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Greenwald, rightly, is worried about this capacity, and about the political decision to enshrine it as a central component of the national security state:
The core guarantee of western justice since the Magna Carta was codified in the U.S. by the fifth amendment to the Constitution: “No person shall… be deprived of life, liberty, or property, without due process of law.” You simply cannot have a free society, a worthwhile political system, without that guarantee, that constraint on the ultimate abusive state power, being honored.
This new regime is fraught with numerous physical, geopolitical, legal and moral dangers as it dramatically confirms a trajectory that has deep roots in our history and that has accelerated since Hiroshima: security through lethality.
There used to be a lot of talk about the “Free World.” The West, led by the United States with its plethora of rights, was imbued with freedom, in contrast to the USSR’s world of gulags and KGB surveillance. The Free World was a remarkably powerful idea that — depending on how narrowly or broadly one defined freedom — had a ring of truth to it. Of course, it was a slogan that glossed over inconvenient truths — McCarthyism’s broad-brush attack on civil liberties and the Jim Crow laws, to name two — and that deepened the Cold War chill. But, as triumphalist as it sounded, it also was aspirational. It implied that freedom could grow and progress, that it could be the mood and character of one’s society, and beyond. This can be a freer world, it seemed to say, and we can lead it there.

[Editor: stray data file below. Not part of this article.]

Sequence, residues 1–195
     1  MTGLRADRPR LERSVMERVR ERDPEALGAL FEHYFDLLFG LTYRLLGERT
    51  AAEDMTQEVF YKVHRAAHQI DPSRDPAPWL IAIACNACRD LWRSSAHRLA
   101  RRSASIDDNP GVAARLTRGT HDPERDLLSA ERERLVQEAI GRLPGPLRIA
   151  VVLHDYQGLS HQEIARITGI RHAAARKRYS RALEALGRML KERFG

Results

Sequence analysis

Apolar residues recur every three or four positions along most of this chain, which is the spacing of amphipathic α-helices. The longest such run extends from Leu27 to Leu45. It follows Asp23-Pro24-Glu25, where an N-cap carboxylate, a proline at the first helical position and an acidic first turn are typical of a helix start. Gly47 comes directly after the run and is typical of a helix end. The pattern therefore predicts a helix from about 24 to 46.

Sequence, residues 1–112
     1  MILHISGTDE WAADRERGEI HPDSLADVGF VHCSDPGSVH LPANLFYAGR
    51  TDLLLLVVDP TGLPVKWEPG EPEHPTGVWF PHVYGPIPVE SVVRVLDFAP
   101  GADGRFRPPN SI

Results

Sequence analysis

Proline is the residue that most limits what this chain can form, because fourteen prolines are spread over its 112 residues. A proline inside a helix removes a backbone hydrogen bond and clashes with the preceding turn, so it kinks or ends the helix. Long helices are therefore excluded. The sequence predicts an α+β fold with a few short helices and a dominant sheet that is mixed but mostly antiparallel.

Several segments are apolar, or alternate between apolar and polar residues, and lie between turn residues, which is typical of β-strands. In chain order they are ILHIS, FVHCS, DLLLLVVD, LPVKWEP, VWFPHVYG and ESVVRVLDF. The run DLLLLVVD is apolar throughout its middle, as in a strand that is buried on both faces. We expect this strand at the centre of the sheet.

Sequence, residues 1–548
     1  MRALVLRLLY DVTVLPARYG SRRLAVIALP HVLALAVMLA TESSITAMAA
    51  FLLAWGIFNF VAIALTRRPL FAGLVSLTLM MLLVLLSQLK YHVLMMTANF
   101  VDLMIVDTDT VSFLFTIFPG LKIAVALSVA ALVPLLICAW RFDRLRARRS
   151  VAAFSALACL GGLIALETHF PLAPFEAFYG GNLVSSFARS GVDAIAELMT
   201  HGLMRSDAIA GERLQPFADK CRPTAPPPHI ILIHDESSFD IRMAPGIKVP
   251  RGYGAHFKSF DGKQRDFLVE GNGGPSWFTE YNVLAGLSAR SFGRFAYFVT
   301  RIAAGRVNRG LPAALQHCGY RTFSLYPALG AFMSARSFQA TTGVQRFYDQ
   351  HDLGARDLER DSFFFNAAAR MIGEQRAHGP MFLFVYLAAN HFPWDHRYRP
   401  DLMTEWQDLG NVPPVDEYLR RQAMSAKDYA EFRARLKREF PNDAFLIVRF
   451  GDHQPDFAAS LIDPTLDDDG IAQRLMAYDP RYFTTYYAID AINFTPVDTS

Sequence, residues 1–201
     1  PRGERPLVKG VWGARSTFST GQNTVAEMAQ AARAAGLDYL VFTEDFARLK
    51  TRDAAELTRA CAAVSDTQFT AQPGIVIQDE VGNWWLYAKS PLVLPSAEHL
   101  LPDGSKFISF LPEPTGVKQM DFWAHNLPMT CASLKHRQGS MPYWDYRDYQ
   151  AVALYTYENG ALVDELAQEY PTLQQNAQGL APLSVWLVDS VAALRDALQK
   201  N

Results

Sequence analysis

After September 11, 2001, though, this kind of thinking was trumped by the promise of safety manufactured by war abroad and increased surveillance at home. The choice was freedom or security, as if these are opposites. Now we are reaping the consequences of this bargain with the arrival of the disposition matrix.
This is a false choice. It’s time to change course, and some people are trying to do just that. For several years, Code Pink and other organizations and networks have taken action to oppose the escalating use of drones around the world. Just this week, they joined the growing campaign at Beale Air Force Base outside Sacramento, California, where they rallied and engaged in nonviolent civil resistance. Meanwhile, 16 people from the very activeUpstate Coalition to Ground the Drones and End the Wars were arrested at the New York National Guard Hancock Field in DeWitt, New York. (The “no drones” email list is currently exploring a larger nonviolent action there.)
This is a pivotal moment. Rooted in all that is currently being organized, it is time to broaden and deepen an increasingly powerful movement designed to help our society grasp what this fusion of technology and political power portends — but also a movement that, step by step, removes the pillars of support for it.
Maybe, then, we will finally create a truly free world.